When you took time off, how did you structure your days?
By chance, there was a week available at the Tyrone Guthrie Centre in Annaghmakerrig, so I kicked off my three months there—which was a good start. When I got back I would usually get up at 8.45 and soon after head out to my shed at the bottom of the garden—it’s more a small yard than a garden—where there is no Wi-Fi. That’s very important. I wrote with a timer: I set it for one hour and cover the clock on my laptop with a scrap of paper. I’d usually get around five of those hours in a day. In between each I’d get a coffee and take a ten-minute break.
When I’m not feeling inspired I mix up the work. That was how I started on the essays. I was writing short stories and I ended up going to the essay ideas as a sort of palate cleanser. In my journalism I also do this when I’m stalled on writing, I transcribe, do background research, make grand plans. I am proud of most of my work but with journalism you never get perfection. Mistakes can creep in as you often don’t have the time.
For a feature I try and find the slant no-one else has covered and then fix it together like a jigsaw puzzle with a single narrative running throughout. The New Yorker writer John McPhee says that a tenth of your research should be on the page. You don’t quite have that luxury in Irish media but in my best pieces I’ve done a load of research and then I find I’m only using a fraction of what’s on my Dictaphone. When I’m stuck I always write as though I’m trying to explain something to a friend in the pub. There is an essay about journalism in the book. I’m worried that it makes me look like a psychopath.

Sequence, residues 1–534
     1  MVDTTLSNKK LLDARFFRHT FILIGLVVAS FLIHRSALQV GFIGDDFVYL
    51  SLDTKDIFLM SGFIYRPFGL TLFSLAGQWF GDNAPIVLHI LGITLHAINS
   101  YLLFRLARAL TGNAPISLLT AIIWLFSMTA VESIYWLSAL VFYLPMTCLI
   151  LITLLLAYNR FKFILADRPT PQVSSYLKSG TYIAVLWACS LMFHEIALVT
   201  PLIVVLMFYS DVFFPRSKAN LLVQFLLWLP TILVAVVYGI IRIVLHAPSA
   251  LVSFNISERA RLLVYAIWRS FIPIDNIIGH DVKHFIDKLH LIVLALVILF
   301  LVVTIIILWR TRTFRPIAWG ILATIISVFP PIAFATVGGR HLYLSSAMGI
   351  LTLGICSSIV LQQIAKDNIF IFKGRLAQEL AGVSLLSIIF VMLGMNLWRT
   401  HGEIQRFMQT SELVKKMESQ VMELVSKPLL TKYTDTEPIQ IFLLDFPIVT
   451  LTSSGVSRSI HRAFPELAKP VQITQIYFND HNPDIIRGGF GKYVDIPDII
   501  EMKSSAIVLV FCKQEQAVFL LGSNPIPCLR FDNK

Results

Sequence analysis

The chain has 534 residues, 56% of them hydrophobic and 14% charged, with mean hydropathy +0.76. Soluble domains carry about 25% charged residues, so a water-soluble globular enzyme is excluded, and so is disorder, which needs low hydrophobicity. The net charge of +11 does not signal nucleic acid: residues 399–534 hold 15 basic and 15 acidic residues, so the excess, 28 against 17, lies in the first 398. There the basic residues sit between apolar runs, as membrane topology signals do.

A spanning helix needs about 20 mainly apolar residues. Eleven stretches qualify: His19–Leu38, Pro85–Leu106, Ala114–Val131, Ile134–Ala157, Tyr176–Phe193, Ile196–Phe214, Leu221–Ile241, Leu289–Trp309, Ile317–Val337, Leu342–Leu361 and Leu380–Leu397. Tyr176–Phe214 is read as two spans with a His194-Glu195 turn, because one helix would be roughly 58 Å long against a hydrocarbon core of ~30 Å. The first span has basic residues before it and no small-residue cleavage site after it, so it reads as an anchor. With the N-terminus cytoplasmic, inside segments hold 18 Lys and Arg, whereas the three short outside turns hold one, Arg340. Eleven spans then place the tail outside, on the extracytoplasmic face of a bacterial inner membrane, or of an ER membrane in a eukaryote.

Do you suffer from self-doubt?
I do suffer from self-doubt but I think a little bit of that is probably useful as long as it doesn’t paralyse you. It makes me revise things a lot. In my journalism self-doubt is rendered pointless and a waste of precious time by the deadlines. It’s trickier with the other writing. When I was proofreading my book I alternated between thinking it was going to revolutionise literature, which is unlikely, and thinking it was the worst thing ever committed to print, which is still unlikely, though less unlikely. So I’m not sure I’m the best judge. If I at least part of the time think that it’s good, I leave other people to decide if it’s worth printing. So I show it to other people—my wife Anna, writer friends, my editor, journal editors—and so I externalise the doubting process. Sometimes it turns out any self-doubt I had was completely justified.
I often feel most doubt over things that are a bit of a stretch or a risk and yet sometimes those are the best things in the long run. Before Christmas, a writer whose writing I respect a lot read my book and her three favourite essays were the ones I was most nervous and had the most doubt about. If it was just left to me I probably would not have published them, which is why I outsource some of that thinking to other people. That said, Lord knows what anyone else will make of them.
Mary McCarthy is a freelance journalist writing for a number of publications. She is an avid reader and an iron-willed book club administrator. @maryknowsbees